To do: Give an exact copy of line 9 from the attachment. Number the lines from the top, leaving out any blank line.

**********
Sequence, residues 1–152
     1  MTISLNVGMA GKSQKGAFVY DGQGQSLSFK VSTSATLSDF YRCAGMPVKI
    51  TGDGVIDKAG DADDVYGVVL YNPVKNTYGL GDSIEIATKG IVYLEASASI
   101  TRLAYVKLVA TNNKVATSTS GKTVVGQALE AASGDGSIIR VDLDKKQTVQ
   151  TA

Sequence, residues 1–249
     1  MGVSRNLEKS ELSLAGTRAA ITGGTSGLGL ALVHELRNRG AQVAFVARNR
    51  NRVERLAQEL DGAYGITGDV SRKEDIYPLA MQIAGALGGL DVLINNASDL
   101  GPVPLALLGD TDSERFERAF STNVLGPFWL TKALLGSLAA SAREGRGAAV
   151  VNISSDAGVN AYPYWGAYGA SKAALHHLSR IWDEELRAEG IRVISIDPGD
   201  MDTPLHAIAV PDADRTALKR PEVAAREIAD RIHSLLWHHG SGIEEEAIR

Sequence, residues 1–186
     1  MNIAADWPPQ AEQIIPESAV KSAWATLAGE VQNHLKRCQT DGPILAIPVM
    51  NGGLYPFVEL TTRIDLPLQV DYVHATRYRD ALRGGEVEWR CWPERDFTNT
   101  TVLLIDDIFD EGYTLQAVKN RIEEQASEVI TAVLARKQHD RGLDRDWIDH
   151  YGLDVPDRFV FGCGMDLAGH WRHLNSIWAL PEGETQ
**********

   101  GPVPLALLGD TDSERFERAF STNVLGPFWL TKALLGSLAA SAREGRGAAV